There is also the issue of how plants are held in storage between harvest and shipping. A semi professional nurseryman here in California promoted for years the issue with strongly Foetida types was the long, dry, cold storage there were subjected to. Cultivars such as Peace, Sterling Silver, Angel Face, among others, which were known for being vigorous initially but have “lost vigor” over the decades. Foetida does not do well being held under cold, dry conditions. Plants of Angel Face, Peace, Sterling Silver, even other Pernetiana types budded in the fields demonstrate performance approaching that originally described in the introductory literature. After harvest and storage, many hit the market as devitalized, weak, runt plants which often never recover and regain their original vigor. I have seen five foot Sterling Silver bushes in Wasco and I have seen many dozens of 18", weak bud and bloom canned plants in retail and wholesale nursery outlets. It’s possible to bud your own from these types to regain more of the original performance.
There is also the issue with Angel Face of a “brutus gene degenerative mutation” having made it into the market place. The plant is more vigorous with degenerated flowers of a muddy color. Similar degeneration occurred with French Lace, Circus and perhaps others, where the plants grew more vigorously though flowered less with muddy color. I heard years ago it cost J&P many thousands of dollars to replace the French Lace sent out and their stock in the fields of that degenerative sport.
And, as Larry wrote, originally budded types now offered only as own root can frequently under perform their original descriptions. Betty Uprichard was originally described as having vigor like Frau Karl Druschki, yet no own root plant I have ever encountered approached anything resembling that. Until relatively recently, health and vigor weren’t major characteristics considered in the selection of new varieties. The ability of the plant to root and grow well own root wasn’t even considered in the selection process for major commercial introduction during the last three-quarters of the last century. The assumption was made that if a plant grew, it would probably work own root. J&P announced Henry Fonda would become part of their New Generation (own root) selection the next year, until they discovered that even though it WOULD root, it wouldn’t grow well own root, so it continued being available only budded. The same thing occurred at Week’s with Midnight Blue. They announced it would be offered as a “Shrublet”, their own root shrub rose selection. It didn’t happen. Midnight Blue isn’t good own root, so it remained available as a budded plant.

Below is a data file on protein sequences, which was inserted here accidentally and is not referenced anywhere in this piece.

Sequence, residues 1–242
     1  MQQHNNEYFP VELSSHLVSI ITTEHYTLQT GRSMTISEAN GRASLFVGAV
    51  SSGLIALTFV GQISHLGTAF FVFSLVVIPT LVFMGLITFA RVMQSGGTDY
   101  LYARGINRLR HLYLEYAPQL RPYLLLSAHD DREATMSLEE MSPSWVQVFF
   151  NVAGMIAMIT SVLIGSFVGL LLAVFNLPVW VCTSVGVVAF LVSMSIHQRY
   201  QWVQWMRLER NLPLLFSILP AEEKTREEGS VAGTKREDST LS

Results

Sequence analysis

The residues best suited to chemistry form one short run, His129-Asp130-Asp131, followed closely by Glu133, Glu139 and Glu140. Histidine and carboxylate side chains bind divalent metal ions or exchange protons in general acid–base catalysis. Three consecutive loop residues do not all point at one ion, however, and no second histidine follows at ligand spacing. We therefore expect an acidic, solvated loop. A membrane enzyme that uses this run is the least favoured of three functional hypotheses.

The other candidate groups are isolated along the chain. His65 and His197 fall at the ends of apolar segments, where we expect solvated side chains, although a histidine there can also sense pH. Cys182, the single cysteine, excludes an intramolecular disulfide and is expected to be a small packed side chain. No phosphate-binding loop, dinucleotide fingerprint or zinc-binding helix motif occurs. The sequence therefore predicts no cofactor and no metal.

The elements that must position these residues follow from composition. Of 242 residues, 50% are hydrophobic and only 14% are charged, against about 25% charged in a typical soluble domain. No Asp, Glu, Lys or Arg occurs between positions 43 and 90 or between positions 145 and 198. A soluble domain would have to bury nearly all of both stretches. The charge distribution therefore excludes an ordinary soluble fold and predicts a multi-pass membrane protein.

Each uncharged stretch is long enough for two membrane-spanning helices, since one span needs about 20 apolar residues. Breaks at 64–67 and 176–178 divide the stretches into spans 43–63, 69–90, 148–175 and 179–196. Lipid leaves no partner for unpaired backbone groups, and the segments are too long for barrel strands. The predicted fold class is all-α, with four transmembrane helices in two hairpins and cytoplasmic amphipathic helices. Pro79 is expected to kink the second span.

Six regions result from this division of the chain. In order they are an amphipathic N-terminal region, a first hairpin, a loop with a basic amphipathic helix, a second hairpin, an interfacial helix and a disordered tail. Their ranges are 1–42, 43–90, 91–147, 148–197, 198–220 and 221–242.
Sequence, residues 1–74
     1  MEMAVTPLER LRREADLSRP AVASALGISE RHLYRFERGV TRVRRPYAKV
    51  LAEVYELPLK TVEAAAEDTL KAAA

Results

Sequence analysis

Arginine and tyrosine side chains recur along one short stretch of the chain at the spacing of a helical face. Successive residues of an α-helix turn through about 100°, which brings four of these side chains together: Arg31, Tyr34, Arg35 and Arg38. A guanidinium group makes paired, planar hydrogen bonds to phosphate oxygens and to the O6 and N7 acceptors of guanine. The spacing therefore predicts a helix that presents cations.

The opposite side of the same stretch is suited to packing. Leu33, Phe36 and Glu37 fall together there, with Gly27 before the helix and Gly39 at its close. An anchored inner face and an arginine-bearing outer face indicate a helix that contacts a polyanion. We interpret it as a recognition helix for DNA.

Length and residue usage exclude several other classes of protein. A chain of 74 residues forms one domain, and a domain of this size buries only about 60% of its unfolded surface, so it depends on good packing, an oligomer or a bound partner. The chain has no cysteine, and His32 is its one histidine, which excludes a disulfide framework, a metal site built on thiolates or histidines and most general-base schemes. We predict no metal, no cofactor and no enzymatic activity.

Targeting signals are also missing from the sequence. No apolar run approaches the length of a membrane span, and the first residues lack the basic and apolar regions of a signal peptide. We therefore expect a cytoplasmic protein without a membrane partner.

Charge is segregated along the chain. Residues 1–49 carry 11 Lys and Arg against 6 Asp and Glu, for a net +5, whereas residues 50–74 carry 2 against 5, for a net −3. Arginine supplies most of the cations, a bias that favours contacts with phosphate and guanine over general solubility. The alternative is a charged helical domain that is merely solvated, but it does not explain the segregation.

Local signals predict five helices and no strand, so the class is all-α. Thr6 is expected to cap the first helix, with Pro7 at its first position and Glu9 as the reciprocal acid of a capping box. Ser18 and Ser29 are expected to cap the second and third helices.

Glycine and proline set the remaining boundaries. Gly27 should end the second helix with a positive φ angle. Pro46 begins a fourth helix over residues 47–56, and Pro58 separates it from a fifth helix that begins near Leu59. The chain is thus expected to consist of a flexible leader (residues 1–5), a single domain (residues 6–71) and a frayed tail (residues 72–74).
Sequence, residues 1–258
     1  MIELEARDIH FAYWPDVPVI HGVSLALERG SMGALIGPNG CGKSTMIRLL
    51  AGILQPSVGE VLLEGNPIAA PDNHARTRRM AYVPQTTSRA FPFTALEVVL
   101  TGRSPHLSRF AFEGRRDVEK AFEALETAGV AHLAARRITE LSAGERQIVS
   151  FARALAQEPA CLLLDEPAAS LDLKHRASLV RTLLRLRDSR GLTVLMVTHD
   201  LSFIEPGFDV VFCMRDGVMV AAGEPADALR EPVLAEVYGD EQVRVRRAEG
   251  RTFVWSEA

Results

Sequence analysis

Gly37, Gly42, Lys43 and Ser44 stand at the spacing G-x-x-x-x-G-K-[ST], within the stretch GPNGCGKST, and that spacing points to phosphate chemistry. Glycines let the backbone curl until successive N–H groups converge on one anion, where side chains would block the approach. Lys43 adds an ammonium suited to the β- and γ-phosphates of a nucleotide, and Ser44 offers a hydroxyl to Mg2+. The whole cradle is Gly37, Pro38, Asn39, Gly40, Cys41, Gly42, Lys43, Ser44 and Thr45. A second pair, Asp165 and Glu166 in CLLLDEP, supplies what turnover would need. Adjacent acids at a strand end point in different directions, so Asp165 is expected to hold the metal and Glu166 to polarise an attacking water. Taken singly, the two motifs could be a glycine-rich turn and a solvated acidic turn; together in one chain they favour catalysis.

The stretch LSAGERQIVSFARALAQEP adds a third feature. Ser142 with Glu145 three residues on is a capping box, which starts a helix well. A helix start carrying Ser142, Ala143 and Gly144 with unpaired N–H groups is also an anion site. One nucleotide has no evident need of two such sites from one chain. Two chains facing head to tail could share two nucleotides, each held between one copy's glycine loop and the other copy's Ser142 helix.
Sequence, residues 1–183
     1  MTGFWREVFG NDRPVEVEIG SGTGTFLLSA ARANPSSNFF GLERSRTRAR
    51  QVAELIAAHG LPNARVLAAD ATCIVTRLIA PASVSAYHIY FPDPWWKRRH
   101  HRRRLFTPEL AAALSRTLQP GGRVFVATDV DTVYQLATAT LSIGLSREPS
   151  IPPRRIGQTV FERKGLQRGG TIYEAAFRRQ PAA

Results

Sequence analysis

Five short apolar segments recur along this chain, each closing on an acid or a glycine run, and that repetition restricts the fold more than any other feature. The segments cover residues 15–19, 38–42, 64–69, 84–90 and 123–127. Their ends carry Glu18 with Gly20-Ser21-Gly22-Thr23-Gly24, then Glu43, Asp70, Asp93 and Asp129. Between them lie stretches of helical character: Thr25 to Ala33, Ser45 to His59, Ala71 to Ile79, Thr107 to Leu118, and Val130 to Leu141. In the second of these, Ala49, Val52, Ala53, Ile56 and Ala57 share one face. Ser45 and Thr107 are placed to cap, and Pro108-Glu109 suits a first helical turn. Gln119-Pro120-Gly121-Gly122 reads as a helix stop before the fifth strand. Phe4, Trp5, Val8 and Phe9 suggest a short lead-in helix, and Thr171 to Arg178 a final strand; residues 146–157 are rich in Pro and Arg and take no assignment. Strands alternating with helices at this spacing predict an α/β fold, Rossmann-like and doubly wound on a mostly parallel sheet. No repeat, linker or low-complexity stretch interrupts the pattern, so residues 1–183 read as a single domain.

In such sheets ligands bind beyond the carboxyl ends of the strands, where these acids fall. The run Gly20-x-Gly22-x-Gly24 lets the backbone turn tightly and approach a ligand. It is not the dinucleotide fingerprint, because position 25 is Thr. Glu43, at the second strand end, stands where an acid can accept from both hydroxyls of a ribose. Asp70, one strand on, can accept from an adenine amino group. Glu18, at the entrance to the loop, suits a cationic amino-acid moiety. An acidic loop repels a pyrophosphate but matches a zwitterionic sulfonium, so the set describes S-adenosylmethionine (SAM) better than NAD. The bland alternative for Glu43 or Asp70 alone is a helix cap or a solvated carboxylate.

It seems logical that plant architecture is selectable. Isn’t that what is done when isolating a climbing mutation? It’s what is accomplished when selecting for more ground cover-like growth, weeping architecture, even upright, columnar growth such as the Colonnade Apples. I would offer the wide range of plant habit encountered in Iceberg roses is a demonstration of lack of selection. Some remain shorter, bushier, while others grow into large, almost semi climbing types. The climbing mutation expresses itself to a very wide degree of change resulting the wide range of performance. Had more attention been paid to actual selection for architecture, perhaps it would be possible to state the variety grows to a more uniform size.